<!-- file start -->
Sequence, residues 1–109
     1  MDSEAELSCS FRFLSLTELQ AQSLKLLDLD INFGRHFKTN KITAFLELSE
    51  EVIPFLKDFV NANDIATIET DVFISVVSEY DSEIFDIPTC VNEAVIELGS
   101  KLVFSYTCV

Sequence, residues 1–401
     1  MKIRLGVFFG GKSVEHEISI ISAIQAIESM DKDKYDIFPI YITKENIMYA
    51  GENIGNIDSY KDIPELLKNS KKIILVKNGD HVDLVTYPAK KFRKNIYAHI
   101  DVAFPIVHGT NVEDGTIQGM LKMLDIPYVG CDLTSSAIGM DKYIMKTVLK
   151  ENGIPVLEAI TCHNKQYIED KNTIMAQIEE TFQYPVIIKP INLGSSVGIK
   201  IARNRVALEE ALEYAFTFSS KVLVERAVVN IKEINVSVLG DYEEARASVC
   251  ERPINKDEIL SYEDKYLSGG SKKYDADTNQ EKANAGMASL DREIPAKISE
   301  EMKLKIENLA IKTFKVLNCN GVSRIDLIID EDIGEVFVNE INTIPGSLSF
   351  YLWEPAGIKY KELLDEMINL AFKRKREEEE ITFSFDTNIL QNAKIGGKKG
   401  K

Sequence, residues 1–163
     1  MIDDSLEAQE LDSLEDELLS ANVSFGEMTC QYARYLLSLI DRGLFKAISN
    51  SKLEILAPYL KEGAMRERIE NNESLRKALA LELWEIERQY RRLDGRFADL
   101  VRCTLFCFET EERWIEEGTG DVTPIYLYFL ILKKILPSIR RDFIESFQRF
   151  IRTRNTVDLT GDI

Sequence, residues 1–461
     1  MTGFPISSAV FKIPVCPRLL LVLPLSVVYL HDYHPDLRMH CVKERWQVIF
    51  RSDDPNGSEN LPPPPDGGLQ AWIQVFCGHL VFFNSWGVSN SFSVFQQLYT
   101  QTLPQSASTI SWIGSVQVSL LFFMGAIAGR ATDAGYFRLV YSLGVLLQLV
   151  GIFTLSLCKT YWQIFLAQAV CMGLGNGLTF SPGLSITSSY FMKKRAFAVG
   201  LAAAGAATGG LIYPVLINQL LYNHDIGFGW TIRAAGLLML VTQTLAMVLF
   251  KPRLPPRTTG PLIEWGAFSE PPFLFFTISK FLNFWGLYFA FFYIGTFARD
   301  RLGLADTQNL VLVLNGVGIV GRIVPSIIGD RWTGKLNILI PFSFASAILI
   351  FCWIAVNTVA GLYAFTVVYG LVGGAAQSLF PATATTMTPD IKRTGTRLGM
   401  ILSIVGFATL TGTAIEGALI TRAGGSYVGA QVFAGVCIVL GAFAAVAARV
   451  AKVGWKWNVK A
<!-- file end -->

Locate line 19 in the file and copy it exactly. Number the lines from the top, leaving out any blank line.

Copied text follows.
   151  IRTRNTVDLT GDI